The tropical, Dayglo colored stencils of grenades, missiles and machine guns set the stage for M.I.A.’s performance before a crowd hungry for her playful political verbal flows at the Grand Ballroom at Regency Center on Wednesday, Oct. 5.
Born in Sri Lanka, and having moved around from India to London during her youth, M.I.A.’s music is a sometimes schizophrenic but worldly mix of digital and unrefined sounds, steeped in the tradition of Brazilian dancehall and hip hop. Staying true to the sound of her debut album Arular, DJ Contra performed a fabulous mash up of M.I.A.’s tracks with unexpected ones like Salt-n-Pepa’s “Push It,” Dead Prez’s classic booming track “Hip-Hop,” and the Eurythmics’ “Sweet Dreams.”
The diverse and mostly 20-something crowd chanted along with her lyrics from beginning to end without prompting. With M.I.A. fans there seemed an excited sense of being keyed into a well-kept secret that just may explode into the mainstream, and the bittersweet feeling that she already has. (The recent appearance of her hit “Galang” in a Honda Civic commercial seems as strong an indication as any.)
She’s been criticized for a seeming indifference to her audience during live performances, but her attitude is all too fitting with the calculated laziness of her flows. Clad in an oversized black sweater with gold sequins detailing the torso of a human skeleton, shorts, black leggings that reached to just below her knees and her ever-present white Reebok classics, she was refreshingly measured and restrained, sometimes breaking into a playful dance reminiscent of grade-schoolers playing double dutch.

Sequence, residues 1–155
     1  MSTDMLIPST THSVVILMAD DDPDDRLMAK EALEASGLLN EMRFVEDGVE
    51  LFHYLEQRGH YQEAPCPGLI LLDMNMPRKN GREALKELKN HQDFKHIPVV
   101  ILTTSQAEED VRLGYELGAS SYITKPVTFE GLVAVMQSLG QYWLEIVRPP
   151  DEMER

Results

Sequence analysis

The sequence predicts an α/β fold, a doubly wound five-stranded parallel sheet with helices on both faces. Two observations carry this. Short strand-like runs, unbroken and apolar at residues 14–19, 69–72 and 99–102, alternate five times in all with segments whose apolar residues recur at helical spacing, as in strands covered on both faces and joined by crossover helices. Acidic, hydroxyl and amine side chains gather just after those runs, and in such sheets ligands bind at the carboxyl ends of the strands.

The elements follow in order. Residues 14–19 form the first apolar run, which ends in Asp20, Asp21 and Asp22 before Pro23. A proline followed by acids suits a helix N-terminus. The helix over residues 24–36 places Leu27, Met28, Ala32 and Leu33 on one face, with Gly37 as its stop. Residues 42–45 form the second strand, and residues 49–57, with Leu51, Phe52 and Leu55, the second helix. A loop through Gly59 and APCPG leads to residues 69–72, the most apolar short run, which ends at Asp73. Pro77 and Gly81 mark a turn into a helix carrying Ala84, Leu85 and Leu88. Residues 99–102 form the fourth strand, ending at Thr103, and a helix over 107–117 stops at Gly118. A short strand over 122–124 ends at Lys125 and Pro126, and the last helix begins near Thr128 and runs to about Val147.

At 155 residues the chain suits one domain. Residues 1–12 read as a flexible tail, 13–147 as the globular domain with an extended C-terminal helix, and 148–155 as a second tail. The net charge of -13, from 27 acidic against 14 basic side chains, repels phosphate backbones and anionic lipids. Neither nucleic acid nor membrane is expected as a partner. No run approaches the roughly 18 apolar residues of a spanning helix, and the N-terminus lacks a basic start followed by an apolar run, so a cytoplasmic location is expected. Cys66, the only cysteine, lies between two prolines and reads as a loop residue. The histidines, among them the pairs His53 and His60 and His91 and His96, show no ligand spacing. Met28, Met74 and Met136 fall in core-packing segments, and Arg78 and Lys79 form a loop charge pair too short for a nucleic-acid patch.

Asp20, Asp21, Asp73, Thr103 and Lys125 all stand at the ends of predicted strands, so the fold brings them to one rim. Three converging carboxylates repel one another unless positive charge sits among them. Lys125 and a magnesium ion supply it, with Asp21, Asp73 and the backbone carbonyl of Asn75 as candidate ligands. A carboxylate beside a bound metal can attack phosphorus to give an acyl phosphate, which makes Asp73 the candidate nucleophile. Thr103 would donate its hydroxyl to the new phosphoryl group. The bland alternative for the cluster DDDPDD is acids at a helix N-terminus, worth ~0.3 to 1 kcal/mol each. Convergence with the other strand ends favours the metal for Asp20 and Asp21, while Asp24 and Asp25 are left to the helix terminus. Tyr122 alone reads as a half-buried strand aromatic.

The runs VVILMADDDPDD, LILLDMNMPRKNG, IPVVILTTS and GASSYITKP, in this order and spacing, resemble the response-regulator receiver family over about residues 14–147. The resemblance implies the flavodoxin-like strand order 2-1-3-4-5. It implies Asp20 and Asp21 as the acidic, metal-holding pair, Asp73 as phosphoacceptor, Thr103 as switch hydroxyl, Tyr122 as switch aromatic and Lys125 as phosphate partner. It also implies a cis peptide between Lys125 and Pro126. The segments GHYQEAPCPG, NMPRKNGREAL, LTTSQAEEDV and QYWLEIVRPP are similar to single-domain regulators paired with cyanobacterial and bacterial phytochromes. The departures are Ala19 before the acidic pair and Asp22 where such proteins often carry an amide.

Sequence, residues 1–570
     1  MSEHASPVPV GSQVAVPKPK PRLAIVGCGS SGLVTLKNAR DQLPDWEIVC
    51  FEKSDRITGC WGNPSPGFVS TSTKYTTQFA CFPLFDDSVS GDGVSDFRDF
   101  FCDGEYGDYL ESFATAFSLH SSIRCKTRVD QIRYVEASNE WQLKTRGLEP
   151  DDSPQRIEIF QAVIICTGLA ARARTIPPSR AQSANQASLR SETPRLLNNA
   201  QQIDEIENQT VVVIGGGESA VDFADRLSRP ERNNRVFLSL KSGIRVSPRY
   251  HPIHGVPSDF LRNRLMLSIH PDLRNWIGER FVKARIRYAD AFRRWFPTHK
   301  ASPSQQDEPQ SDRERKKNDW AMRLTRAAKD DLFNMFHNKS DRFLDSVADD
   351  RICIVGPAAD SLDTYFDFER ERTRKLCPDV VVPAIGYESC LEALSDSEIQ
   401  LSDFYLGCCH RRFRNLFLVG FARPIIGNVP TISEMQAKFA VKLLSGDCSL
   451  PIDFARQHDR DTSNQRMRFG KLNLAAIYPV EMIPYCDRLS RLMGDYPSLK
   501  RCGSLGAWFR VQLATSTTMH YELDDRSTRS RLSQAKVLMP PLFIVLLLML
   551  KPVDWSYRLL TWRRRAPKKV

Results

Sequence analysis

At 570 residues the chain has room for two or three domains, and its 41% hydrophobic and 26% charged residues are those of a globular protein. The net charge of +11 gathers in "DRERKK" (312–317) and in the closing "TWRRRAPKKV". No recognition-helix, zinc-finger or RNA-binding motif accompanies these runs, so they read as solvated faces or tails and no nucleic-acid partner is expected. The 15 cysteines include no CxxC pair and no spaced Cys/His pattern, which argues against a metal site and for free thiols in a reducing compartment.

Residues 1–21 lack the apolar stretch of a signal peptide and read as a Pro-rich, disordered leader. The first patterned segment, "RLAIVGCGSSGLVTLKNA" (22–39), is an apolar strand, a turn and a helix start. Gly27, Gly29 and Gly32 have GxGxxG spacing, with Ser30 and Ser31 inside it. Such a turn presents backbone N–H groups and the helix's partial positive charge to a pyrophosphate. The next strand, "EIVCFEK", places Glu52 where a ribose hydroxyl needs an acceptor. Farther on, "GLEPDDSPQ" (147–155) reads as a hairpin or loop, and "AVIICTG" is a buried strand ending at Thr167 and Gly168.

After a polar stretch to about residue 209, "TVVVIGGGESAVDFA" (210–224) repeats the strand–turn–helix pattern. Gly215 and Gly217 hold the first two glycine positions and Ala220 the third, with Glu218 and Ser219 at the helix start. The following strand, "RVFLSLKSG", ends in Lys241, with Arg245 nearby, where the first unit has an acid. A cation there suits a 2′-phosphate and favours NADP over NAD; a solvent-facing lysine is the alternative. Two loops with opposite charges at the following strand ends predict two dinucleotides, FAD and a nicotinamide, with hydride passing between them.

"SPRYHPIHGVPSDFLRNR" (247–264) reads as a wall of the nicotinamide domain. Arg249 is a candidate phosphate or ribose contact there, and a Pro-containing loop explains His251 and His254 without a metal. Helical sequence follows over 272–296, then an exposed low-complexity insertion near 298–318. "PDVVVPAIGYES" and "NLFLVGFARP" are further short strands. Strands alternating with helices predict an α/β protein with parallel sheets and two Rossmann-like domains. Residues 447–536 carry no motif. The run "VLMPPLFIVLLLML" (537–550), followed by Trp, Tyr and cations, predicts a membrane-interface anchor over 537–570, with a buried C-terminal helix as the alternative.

But M.I.A.’s playful image belies the guerilla undercurrents of her music. After performing “Pop,” she was careful to note that although the song prods at her listeners’ political leanings (“you can be a follower, but who’s your leader?”), she doesn’t consider herself a leader, but rather an “aggravator.” But quite unwittingly, she’s become a leader for what seems like a movement of young people who are more attracted to anti-war iconography than political action.
She yelled to the crowd, “Where are my Tamil boys and girls at?” receiving a resounding roar from the audience. But wait. How many in the screaming crowd actually understand M.I.A.’s connection to the Tamil Tigers (her father was a known member) or who they are (an infamously violent guerilla group in Sri Lanka often credited as the first suicide bombers)? Is M.I.A. just pulling a fast one on us – pointing out the hypocrisy of a legion of young Americans so outraged with the Bush administration and yet politically unaware in every real sense?
Truth is, I don’t care. How’s that for apathy? Although political on the surface, M.I.A.’s lyrics rarely reach any deeper than the surface “war is bad,” “our government is corrupt” talk so familiar to our generation – the music itself has more depth and energy behind it than her lyrics. There’s an irony and enigmatic quality to M.I.A.’s music and image; perhaps fitting for a modern world where many of us embody similar such contradictions.